By Esteban Rubens, Pure Storage
Interest in artificial intelligence applications in radiology, clinical settings and operations is exploding, but its use in everyday settings in healthcare thus far has been more hype than reality.
Now, it’s about to get real. AI’s shift from lab and research departments to clinical settings will get much faster over the next several years, driving an urgent need for more real-time analytics.
Radiology is fueling much of it, but the demand for real-time data analysis runs across the industry. Over the next two to three years, innovations in electronic health records (EHR), revenue cycle, and operations will see AI enabled throughout the healthcare system. AI will be integrated into the clinical workflow in existing tools like EHR and PACS, empowering practitioners with just-in-time data.
Images and data will be automatically routed to AI engines in order for clinically relevant information to be extracted in real time. Instead of wading through thousands of images or documents, the most important and relevant pieces of information will bubble up, identified by AI – whether it's textual information or image data pinpointing a nodule, tumor or something that changed in a scan.
Let’s take a closer look at what’s driving these moves, particularly in radiomics.
Bridging The Gap Between Research And Practice
One of the big promises of AI is in weeding out findings of “normal” in radiology so that radiologists can focus their time on images that require attention. That’s crucial as the volume of images a radiologist must review has been growing dramatically, a trend that is expected to continue, and the demand for radiologists outstrips the number of new radiologists getting trained:
- Medical imaging is being used in more settings – it’s growing exponentially in developing countries in Africa and Asia, for example, thanks to new mobile ultrasound technologies connected to smartphones.
- Advanced imaging modalities such as digital breast tomosynthesis (DBT) – 3D mammography – are generating massive data sets.
The need to train scores of algorithms that are clinically useful – and executed in real-time – is at the heart of the AI challenge in radiology. In patient care settings, training algorithms must happen far more quickly than is common in most research settings today, where there is less time pressure.
Consider a medical facility that is a designated stroke center, with an SLA that includes strict time requirements for delivering a diagnosis when a patient comes into the emergency department as a possible stroke victim, in order to ensure the right treatment is administered in time to make a difference.
Radiologists are trained to quickly scan a set of images to see what might be going on with a patient. As AI comes into more practical use, it can assist those radiologists by sifting through massive amounts of data with great precision. The trick is that you have to tell the machines what to look for.
In AI, very narrowly focused algorithms are highly accurate in detecting very specific things – one for detecting subdural hematomas, for example, and another for detecting bleeds in the frontal cortex, while a third may scan for ischemic strokes. That means you must run the same images through many different algorithms to detect different possibilities.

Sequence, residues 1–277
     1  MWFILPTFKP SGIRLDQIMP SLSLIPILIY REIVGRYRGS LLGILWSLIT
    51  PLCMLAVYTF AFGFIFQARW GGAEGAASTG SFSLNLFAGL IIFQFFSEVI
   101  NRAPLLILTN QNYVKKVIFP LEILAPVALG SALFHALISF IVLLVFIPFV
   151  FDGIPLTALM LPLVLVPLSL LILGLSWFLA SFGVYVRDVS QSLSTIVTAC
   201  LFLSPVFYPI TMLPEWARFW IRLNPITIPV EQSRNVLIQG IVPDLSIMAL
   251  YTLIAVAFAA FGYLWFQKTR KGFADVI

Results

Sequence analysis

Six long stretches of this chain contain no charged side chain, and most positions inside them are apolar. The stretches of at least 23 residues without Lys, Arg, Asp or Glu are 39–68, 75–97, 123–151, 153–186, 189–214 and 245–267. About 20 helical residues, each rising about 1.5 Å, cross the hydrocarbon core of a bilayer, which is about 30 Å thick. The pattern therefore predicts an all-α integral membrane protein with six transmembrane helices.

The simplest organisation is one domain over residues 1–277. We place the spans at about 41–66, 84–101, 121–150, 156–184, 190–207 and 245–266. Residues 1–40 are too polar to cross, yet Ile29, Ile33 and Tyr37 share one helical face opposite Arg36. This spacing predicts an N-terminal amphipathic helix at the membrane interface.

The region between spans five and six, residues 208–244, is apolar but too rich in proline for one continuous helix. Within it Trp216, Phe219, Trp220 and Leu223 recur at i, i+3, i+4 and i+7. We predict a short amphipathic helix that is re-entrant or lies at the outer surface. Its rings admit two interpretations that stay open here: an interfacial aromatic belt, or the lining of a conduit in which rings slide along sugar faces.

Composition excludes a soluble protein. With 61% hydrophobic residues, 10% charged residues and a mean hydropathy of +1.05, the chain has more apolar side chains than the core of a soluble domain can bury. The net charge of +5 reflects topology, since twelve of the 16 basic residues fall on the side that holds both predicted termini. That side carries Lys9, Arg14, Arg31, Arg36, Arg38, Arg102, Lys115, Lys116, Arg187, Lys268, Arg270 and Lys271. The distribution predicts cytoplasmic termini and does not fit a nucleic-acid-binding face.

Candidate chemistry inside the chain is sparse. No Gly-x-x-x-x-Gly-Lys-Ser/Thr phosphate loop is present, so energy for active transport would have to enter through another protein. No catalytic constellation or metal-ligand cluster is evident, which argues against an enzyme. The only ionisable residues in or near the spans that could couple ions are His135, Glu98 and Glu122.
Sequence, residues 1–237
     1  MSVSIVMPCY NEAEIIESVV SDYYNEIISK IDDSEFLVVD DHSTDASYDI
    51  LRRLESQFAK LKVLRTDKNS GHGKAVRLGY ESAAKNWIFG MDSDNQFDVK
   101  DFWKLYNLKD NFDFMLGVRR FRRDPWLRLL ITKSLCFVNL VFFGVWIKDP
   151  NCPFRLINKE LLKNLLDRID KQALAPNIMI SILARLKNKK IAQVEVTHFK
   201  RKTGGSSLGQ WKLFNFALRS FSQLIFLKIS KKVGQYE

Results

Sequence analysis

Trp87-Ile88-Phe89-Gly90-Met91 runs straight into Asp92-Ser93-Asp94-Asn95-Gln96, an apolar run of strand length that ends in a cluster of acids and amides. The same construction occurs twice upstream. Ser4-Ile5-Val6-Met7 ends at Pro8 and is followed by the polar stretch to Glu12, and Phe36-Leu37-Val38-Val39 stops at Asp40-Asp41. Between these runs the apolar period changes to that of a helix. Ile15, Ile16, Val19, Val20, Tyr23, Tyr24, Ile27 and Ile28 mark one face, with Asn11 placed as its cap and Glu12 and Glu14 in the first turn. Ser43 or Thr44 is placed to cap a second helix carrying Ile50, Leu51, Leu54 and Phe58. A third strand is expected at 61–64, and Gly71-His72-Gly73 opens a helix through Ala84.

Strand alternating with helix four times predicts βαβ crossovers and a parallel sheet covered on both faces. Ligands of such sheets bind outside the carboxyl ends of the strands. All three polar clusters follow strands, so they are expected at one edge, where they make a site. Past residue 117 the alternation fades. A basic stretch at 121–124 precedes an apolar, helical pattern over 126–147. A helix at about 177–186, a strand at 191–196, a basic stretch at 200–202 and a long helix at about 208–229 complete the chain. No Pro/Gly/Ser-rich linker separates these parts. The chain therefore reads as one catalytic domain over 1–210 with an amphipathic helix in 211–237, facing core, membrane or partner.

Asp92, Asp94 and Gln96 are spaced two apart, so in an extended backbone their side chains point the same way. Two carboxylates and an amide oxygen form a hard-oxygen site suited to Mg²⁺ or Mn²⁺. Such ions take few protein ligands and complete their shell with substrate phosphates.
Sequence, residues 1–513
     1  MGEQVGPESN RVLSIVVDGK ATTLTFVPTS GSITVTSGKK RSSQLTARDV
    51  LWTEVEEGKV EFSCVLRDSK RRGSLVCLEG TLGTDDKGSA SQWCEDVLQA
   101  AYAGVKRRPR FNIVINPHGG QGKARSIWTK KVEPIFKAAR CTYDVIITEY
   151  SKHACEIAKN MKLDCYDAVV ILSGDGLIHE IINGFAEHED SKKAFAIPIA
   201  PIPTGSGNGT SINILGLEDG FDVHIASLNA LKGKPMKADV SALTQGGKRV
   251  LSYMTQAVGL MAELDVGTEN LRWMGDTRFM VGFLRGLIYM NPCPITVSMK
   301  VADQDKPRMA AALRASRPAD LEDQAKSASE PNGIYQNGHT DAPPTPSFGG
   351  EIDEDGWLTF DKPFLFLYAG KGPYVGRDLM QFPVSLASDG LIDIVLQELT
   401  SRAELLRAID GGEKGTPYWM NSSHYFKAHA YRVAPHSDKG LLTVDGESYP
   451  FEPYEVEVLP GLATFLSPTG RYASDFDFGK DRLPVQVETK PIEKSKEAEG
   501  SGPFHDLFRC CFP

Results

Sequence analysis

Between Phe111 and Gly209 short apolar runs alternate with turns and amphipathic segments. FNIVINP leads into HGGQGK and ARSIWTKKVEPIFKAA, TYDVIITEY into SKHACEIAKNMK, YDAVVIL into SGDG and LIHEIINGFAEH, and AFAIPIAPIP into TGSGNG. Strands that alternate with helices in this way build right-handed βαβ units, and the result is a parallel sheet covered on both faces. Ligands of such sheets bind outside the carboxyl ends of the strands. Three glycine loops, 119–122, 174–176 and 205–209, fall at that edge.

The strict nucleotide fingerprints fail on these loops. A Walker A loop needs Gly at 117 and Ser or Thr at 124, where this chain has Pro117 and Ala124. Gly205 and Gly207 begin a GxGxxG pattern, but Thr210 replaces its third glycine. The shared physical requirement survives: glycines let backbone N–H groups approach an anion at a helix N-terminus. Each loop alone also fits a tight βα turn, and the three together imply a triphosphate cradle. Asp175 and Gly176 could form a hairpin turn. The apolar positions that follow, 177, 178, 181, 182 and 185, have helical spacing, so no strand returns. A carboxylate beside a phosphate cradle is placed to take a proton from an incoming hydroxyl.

Now, advancements in picture archiving and communication systems (PACS) are emerging to meet these urgent clinical time requirements in the age of AI. Vendors are working to develop PACS that can act as AI algorithm-routing engines – sending a head CT to a specific set of algorithms, an abdomen and pelvic CT to another group.
That activity means running 1,500 or 2,000 images through 10, 20 or even 30 algorithms, not just one. The amount of data transfer that generates is enormous.
As these new tools take hold, having the right infrastructure to support super-high performance – delivering speed and capable of handling lots of data – is paramount.
Real-time analytics is critical to a practitioner’s ability to deliver better patient care. A provider must have the right information available at the right time in the context of how they are interacting with a given patient. In the middle of a procedure, that means pinpointing the relevant image; seeing something new in an ER patient might mean surfacing a piece of data buried in the patient's medical history.
The underlying infrastructure platform is a big piece of enabling AI to happen as fast as it can, to ensure providers get that just-in-time and just-right piece of information.
Outside of radiology, over the next several years, real-time analytics will have an impact in many areas:
Enriching EHRs. Electronic health record solutions were not built for real-time data. That’s changing as vendors work to modernize their capabilities to generate and extract data as close to real time as possible – with new APIs and new ways to harness data.
Faster billing/ordering. AI deployments in revenue cycle applications will help organizations generate bills more quickly, with the goal of presenting bills to patients and families before they leave the hospital or practice. That’s critical, for example, for high-deductible health plans with higher-patient payments.
Changing workflows. Radiologists and other practitioners accustomed to working with retrospective data will find that near real-time is no longer good enough. Doctors trained in traditional paths to diagnose patients will find that with more and faster information those workflows will change.
The Road Ahead
The rise of real-time information and AI in healthcare is real. Within three years AI will touch every x-ray, according to one recent forecast, and within ten years, all CT scans will be evaluated by AI. Forward-looking hospital leaders should be preparing their organizations now so that they can take advantage of the opportunities provided by this technology.